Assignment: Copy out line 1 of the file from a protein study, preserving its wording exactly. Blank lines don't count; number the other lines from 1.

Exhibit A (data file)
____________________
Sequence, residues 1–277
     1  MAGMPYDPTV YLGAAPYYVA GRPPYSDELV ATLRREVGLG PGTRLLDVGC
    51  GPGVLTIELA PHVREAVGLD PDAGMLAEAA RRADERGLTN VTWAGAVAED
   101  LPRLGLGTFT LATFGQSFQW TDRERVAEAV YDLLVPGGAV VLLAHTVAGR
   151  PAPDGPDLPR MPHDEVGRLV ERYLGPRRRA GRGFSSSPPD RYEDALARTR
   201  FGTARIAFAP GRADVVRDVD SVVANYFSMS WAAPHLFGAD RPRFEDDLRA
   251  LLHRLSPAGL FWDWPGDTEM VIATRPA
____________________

Sequence, residues 1–277